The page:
Great question, Juan Carlos.
I am partial to the VN500, but I'm sure both devices can deliver VG quite well. The problem is that babies don't like to be acidotic. Consequently, there is a problem with permissive hypercapnea in the first days of life in small preemies, because their kidneys are not able to compensate for respiratory acidosis. Therefore, the baby will try to generate a tidal volume sufficient to bring the PCO2 down and normalize the pH. As you know when the tidal volume exceeds the target value, PIP will come down and pretty soon, your baby may be on endotracheal CPAP with rising oxygen requirement (due to the drop in MAP), tachypnea and increased work of breathing. You would have to sedate the baby sufficiently to suppress their respiratory drive, which is a bad idea. People find all kinds of ways to reduce the support for the baby's effort, for example changing from AC to SIMV at a low rate, so the baby is unable to generate adequate minute ventilation and correct the acidosis. So, the baby is struggling, but the doctor is happy, because the PCO2 is where he or she wants it. If you can buffer the acidosis by adding some acetate to your TPN and get the pH up to near normal, you might be able to let the CO2 rise gradually.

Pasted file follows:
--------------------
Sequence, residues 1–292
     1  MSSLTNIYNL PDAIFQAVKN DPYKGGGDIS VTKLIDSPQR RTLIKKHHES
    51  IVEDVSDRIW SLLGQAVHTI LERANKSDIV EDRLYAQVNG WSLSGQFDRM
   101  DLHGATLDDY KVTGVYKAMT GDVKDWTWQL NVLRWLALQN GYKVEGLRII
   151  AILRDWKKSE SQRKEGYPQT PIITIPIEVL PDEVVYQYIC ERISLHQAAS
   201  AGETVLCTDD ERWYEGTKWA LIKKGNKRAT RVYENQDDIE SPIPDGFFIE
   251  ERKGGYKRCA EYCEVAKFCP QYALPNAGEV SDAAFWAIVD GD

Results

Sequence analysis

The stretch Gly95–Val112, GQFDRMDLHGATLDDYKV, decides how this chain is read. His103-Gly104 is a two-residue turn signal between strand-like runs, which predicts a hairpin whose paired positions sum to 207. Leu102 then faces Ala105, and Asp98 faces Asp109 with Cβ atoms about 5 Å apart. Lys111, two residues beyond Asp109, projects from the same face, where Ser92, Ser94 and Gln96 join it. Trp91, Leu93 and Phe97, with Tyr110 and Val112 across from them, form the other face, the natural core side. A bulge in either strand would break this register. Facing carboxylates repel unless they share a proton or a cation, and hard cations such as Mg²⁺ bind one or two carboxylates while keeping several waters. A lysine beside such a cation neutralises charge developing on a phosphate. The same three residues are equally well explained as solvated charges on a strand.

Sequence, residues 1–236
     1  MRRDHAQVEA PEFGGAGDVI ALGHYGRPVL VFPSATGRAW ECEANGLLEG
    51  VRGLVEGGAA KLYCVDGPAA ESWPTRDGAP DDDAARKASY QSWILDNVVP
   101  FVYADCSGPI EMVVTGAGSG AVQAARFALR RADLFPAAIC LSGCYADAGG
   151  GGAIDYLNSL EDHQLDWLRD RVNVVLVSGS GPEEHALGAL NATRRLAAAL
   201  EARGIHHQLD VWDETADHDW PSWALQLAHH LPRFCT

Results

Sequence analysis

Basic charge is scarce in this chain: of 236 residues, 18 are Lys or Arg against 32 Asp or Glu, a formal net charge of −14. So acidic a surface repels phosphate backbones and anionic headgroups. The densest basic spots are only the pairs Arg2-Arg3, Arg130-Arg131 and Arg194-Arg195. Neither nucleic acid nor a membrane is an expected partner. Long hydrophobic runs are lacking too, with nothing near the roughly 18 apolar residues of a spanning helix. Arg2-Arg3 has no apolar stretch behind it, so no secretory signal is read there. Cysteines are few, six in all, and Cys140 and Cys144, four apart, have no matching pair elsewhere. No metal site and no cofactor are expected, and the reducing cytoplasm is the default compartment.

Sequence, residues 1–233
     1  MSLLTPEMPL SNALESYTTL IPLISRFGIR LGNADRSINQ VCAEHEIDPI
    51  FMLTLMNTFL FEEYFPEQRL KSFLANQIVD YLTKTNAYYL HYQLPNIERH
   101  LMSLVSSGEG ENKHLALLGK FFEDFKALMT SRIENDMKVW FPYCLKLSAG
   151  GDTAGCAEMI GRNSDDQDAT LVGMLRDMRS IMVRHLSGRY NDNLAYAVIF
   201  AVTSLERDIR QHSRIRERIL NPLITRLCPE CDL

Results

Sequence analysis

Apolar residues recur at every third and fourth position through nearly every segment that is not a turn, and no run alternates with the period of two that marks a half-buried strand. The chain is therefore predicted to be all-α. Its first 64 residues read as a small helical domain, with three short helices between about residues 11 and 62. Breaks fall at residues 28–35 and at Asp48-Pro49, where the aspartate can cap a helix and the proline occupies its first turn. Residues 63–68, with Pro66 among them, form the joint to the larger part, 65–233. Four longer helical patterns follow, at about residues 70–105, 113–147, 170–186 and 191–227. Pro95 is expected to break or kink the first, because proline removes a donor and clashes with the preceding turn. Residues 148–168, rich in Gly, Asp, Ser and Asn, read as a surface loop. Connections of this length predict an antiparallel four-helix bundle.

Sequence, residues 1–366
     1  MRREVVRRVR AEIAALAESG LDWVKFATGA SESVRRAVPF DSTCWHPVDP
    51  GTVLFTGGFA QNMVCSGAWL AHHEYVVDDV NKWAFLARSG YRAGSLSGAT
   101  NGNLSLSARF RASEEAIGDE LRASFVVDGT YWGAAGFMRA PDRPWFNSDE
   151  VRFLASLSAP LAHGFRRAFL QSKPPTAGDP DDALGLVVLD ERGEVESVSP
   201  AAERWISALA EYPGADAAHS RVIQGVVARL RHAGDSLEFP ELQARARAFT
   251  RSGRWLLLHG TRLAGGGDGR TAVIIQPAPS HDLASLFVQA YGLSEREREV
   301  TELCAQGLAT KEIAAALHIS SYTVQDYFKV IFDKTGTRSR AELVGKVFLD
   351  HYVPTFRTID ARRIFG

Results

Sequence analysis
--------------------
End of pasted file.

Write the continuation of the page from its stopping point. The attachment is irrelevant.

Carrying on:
The focus needs to be on pH, not PCO2, because it's the pH that is the primary stimulus for respiratory drive. Basically it is better to support the baby's effort to maintain normal pH and avoid the mistake of looking only at the PCO2. Ultimately, it is the perivascular pH that controls cerebral circulation, but unfortunately all studies keep focusing on PCO2 and ignoring pH. What we know is that rapid fluctuations in PCO2 confer the greatest risk of IVH.
Once the baby is a bit older and the kidneys are more mature, it'a s lot easier to allow permissive hypercapnia if they still need mechanical ventilation.
I hope this helps,
There has been a recent narrative review of cooling outside of "standard" criteria here: https://www.sciencedirect.com/science/article/abs/pii/S1355184118301595
I agree with above comments- I think given need for resuscitation at 10 mins (ventilated) and evidence of encephalopathy on clinical assessment (+/1 aEEG/CFAM) then we would have cooled on admission.
We generally do not cool > 6 hrs but have on occasions, including late preterms. We had an interesting situation a few years ago where a baby ended up being resuscitated after an unplanned extubation (ex-preterm, difficult to get chest movement, difficult to intubate, long period of bradycardia and poor oxygenation) and there was a decision made to cool.
What happened in your case?